The first day of the Sustainability Summit. Beautiful devotion started the day, then President James Ekow Rhule welcomed us to a new working day at the Hotel Decameron.
Christian Kamara, NGS in Sierra Leone YMCA (to the far right) started us out with his experiences from NAYDO and good advises for a solid funds development process in a national YMCA. Then Janet from the Kenyan Community Development Foundation talked to us about Investment and the wish to become independent. How do we apply Philanthropy in our YMCAs? What is an Endowment Fund? Not a savings account where you can come back and withdraw money when you need it! The difference between Private Business and Not For Profit organizations needs to be clarified. and how feasible is all of this change?
It was two excellent inputs and a number of constructive questions and comments followed from the engaged audience.
Then Carlos Sanvee, General Secretary of AAY, was to give his input on the New Economic Model. Carlos was convincing and clear, as always, and made us both laugh and smile and see the seriousness of the matter. This is all about sustainability and a stable future for YMCAs in Africa!
After tea Gail Glaser from Albany, New York, USA, took over the floor. Gail is a star on the funds development firmament and we were all so happy to welcome the former chair of the North American YMCA Development Organization to our midst. In her engaged opening statement she stated very clearly that “No Mission – No Money. No Money – No Mission”.
She wanted to facilitate us to discuss our own experiences with key elements of this process towards financial stability and sustainability, like Readiness of Boards, Staff, Relationships Management, Communications, Diversification of Income Streams.
We then started to discuss at the tables of 6-7 where we were sitting, and took one step at the time. We had a card with Green – all ok, one card with yellow – partially prepared and ready, and we had one card in red – not so ready yet! We were supposed to show a card to reflect on which level we found ourselves and our YMCAs.
Each table were given different challenges, and after a good “local” discussion we were challenged to report back to the plenary on our findings and then to show our colors!
Gail spoke to us about the Land In Between, like the people of Israel between Egypt and the Promised Land. The Land In Between is always a difficult place to be, said Gail, because you somehow have a foretaste of the Promised Land, and also the memories from the slavery with stability of the past. The real challenge here is to have stayer capacity to reach the promised land. We may have different gifts and skills, but if we give up too early, nothing of that will gain us or give us any benefits.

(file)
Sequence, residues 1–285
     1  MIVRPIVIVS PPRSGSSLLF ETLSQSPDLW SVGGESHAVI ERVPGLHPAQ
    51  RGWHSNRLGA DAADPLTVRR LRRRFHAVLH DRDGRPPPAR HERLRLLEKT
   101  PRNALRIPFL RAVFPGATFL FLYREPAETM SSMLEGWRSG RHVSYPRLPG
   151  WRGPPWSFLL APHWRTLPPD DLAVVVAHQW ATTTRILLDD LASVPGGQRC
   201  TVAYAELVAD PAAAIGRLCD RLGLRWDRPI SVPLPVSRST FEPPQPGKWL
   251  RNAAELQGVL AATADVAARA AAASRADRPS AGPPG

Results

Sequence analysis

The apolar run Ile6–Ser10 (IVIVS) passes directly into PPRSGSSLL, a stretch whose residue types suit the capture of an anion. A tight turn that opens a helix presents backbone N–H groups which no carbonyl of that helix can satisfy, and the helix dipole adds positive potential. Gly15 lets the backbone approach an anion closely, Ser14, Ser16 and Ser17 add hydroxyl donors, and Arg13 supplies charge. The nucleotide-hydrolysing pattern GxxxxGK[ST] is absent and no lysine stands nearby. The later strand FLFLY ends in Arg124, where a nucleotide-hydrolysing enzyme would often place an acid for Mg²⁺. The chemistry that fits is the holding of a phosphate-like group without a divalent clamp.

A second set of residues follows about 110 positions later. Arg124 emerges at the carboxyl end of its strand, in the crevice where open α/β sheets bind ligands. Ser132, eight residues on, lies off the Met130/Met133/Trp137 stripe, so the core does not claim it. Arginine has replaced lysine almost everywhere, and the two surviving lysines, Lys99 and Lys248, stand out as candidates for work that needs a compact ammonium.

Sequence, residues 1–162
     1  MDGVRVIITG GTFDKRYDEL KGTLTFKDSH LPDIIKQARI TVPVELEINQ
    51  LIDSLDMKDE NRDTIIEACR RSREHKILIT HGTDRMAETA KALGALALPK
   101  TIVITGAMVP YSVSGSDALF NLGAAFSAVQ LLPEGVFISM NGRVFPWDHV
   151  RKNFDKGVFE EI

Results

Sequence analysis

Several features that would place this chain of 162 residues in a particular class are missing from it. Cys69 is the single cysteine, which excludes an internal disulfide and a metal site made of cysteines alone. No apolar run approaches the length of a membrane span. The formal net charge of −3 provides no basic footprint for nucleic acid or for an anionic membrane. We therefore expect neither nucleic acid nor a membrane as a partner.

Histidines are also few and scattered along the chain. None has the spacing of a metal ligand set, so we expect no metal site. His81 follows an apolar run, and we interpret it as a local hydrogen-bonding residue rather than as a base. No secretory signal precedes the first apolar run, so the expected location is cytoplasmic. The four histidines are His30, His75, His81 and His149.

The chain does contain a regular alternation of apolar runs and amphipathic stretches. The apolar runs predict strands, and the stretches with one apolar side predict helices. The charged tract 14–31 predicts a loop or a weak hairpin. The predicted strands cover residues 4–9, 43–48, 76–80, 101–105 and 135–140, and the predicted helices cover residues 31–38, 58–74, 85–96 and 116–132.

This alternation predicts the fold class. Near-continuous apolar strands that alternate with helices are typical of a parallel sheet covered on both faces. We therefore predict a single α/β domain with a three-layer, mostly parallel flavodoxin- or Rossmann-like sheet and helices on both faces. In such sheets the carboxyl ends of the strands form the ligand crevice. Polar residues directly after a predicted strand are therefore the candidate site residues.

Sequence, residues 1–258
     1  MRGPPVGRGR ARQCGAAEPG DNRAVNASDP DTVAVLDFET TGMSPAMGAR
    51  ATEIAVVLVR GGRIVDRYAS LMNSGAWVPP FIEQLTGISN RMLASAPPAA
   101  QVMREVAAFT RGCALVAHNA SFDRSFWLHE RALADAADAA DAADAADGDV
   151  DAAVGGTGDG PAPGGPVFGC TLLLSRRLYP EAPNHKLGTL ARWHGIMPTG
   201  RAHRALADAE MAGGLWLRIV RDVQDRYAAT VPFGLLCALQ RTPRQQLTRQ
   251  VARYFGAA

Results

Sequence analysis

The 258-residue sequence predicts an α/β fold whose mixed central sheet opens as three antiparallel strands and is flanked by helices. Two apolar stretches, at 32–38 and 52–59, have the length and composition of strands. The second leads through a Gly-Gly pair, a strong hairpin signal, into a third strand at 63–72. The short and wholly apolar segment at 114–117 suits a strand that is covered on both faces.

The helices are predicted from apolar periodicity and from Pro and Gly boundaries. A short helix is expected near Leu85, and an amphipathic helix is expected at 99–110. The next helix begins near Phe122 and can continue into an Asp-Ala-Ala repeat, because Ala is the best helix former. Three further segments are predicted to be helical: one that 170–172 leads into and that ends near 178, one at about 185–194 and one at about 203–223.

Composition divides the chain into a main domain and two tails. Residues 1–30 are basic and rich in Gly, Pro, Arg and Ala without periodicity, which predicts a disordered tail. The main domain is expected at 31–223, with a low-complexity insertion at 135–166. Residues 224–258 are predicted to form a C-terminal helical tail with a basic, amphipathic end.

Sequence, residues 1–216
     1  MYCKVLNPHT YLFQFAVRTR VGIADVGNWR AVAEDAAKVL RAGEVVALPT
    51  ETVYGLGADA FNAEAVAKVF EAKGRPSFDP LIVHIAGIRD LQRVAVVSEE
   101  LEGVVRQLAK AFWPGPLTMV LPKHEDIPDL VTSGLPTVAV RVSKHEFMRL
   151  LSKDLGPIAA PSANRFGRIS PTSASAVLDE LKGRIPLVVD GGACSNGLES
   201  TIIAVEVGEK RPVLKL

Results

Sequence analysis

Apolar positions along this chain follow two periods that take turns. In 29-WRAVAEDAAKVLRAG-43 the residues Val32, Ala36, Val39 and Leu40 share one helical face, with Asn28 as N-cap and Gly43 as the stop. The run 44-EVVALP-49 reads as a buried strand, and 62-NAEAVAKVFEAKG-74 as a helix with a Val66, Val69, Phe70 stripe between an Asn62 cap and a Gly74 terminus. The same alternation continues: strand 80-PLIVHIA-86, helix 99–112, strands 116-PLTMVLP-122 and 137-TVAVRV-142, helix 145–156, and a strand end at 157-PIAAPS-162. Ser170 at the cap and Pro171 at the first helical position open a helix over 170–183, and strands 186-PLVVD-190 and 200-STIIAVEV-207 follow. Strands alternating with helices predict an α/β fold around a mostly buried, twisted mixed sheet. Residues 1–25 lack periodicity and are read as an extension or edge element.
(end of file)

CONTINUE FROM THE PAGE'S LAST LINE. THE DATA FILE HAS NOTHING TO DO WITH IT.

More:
The next session was with the theme: “Building Private Sector Relationships: The Experience of YMCA Liberia”. It was the NGS, Edvard, who started us out with a brilliant presentation of before establishing these relationships and the present situation – a huge different in quality and quantity!
Edvard mentioned as just one example amongst several, their relationship to Chevron and their support to the IT training of young people in the Liberian YMCA.
Dr Tendaj Morissa from Trust Africa, originally from Harare, Zimbabwe, gave us an excellent, eloquent input on the realities of philanthropy and development on the African Continent – really captivating stuff!
He claimed that there is a newborn optimism in Africa, we have the fastest growing middle class anywhere in the world, and the number of High Net Worth population is growing fast. That would be dollar millionaires!
Another aspect of a rising Africa is the number of respected global leaders, like Nelson Mandela was, and like Kofi Annan is.
More multi National Corporations are owned by Africans, and he mentioned a n dumb er of banks, development companies, telephone companies etc.
We are seeing a maturing continent, where African funders and donors and investors are taking responsibility for medical challenges like the Ebola and research to respond to that situation.
The African Diaspora is no longer only investing in their own families and their old villages, but they are starting to invest in greater caused involving the whole continent. All the construction work in infrastructure and apartment buildings we had seen around us in Senegal, was investments of the Senegalese diaspora.
It has been a huge development and change the last 10 years. Solid backbone support structures for philanthropy is now in place in Africa.
Remember that when Chevron wants to help you and have you involved in a deal, they are making a huge profits from their presence in your country. So you (YMCA) and Chevron are at least doing one another mutually valuable favors. Chevron needs the brand of organizations like the YMCA to shine up their image.
The last comment from Dr Morissa was the following statement: “The biggest asset of the YMCA is its Brand and its Members!”